LA Councilman Introduces Law Requiring Entertainment Venues to Offer Vegan Food
"Without reducing our beef consumption, it's going to be very difficult for us to reduce climate change," said councilman Paul Koretz
You can’t accuse Los Angeles city councilman Paul Koretz of not staying busy. He has been an instrumental part of the city’s proposed bans on the sale of fur and on the use of plastic straws, has suggested a crackdown on Bird electric scooters, introduced a motion to free a thirtysomething elephant named Billy from the Los Angeles Zoo, tried and failed to have the Playboy Mansion designated as a historic landmark, advised the city to create a “faith-based task force” to protect religious communities, and led a successful campaign to rename an streetcorner in honor of Pink’s Hot Dogs.
And all of that shit, it’s worth noting, has happened within the past two years. But Koretz is still at it, and his most recent proposal means that the city’s movie theaters and sports arenas might have to start serving Impossible Burgers, kale smoothies, and other plant based proteins—whether they want to or not.
According to CBS LA, Koretz has introduced a motion that would require public venues like theaters, the Los Angeles International Airport, the L.A. Zoo, and even Meals on Wheels programs to add at least one vegan protein option to all of their menus.
Koretz cited a number of studies that connect the meat and dairy industries to an increase in greenhouse gas-emissions. “We only have a few years to dramatically drop our greenhouse gas production and production of beef items, especially, generates so much methane,” he said. “Without reducing our beef consumption, it's going to be very difficult for us to reduce climate change.”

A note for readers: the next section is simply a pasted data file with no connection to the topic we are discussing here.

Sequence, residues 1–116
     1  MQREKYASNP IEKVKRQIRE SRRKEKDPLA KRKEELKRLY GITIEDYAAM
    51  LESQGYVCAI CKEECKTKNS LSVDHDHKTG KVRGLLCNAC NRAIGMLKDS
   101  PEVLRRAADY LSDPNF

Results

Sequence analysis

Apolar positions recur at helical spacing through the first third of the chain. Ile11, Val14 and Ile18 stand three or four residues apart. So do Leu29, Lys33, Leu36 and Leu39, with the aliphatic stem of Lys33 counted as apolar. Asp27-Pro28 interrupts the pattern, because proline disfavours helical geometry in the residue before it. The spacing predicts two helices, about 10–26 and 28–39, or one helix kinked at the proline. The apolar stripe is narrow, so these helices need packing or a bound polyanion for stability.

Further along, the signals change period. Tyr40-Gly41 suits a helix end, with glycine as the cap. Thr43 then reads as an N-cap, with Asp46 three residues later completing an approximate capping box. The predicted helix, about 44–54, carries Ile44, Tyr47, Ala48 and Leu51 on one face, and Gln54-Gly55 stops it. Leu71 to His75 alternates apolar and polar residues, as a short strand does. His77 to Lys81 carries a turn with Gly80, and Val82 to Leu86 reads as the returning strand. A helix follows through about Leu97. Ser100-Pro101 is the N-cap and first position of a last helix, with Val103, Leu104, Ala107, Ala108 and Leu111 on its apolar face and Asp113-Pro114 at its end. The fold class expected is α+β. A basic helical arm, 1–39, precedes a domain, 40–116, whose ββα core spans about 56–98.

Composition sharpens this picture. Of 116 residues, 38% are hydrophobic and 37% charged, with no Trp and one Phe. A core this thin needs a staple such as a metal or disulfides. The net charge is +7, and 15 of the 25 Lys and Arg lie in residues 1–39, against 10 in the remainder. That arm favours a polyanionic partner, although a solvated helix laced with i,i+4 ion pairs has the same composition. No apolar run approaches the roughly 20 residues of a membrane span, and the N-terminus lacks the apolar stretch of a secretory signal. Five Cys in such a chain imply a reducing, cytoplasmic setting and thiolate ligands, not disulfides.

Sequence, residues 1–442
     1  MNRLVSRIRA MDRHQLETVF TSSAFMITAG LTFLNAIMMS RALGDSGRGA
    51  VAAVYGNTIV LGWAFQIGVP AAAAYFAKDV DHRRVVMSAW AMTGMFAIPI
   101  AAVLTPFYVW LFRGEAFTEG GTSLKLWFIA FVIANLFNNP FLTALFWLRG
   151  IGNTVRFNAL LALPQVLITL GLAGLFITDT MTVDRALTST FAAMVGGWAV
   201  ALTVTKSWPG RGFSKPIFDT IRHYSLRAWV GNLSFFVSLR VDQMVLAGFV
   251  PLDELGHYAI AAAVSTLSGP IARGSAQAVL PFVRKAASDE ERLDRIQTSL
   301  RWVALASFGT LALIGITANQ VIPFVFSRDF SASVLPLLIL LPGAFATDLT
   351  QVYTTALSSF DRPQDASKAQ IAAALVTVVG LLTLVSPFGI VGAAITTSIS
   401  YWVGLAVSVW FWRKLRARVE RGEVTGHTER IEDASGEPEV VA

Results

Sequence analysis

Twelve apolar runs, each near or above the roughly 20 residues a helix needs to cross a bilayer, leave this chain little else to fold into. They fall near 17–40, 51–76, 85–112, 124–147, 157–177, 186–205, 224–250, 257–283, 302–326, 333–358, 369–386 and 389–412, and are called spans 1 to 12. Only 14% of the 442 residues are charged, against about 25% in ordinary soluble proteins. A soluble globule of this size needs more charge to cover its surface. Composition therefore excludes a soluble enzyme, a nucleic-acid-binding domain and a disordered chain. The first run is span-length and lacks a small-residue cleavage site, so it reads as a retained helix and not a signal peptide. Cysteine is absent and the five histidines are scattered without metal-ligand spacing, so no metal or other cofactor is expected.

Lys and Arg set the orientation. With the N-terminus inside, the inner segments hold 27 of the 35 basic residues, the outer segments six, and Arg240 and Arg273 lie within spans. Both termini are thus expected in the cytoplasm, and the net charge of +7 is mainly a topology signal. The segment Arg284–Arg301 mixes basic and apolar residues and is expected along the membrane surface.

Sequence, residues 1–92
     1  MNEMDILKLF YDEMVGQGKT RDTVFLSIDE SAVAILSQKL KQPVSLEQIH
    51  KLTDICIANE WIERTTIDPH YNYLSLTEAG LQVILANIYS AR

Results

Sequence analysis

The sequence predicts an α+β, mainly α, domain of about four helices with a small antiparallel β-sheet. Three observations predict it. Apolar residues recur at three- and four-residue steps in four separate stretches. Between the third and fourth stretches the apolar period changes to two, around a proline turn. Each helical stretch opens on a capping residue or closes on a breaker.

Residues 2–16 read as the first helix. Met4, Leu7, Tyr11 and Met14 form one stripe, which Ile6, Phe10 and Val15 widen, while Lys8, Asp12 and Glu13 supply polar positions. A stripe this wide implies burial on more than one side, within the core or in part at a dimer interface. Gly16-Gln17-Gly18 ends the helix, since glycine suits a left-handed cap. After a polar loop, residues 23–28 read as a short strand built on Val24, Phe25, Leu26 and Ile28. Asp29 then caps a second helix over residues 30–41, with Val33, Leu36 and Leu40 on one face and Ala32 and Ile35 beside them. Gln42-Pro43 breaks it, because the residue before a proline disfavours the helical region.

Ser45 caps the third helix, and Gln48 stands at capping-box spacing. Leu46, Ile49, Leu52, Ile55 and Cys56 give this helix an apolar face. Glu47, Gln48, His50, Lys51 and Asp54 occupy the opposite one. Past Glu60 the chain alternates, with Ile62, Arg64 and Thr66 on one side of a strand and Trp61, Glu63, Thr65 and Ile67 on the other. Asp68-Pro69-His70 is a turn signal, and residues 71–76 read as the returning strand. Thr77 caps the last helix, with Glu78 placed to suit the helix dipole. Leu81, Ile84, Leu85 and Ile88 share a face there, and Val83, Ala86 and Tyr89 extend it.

If the motion passes, it would make Los Angeles the first city in the U.S. to straight up stiff-arm its entertainment venues into serving meat-free snacks. (But, as Variety notes, many movie theaters already offer vegan popcorn, and Dodger Stadium and the Staples Center already have vegan food vendors as well. This is Los Angeles, after all.)
Although there could be challenges in, say, requiring all of LAX’s 90-plus restaurants and coffee shops to ensure their menus have at least one vegan option, Koretz says it’s for the best. “In a group, the person that's vegan decides where the whole group ends up eating," he said. "So a lot of restaurants are leaving money on the table by not offering some vegan options." (And some of us talk shit about that person on the drive to the restaurant, Paul.)
PETA is, of course, delighted by this—but in a week in which they’ve suggested that meat-based expressions like “bringing home the bacon” are the same thing as using racist or homophobic language, they can take a seat.
LAist reports that Koretz will present his motion to a special committee and, if it is approved, it will be sent to the full city council. If a majority approve it, then it will go to the city’s attorney to draft a law, and not offering vegan hot dogs could literally be against the law by February 2019.
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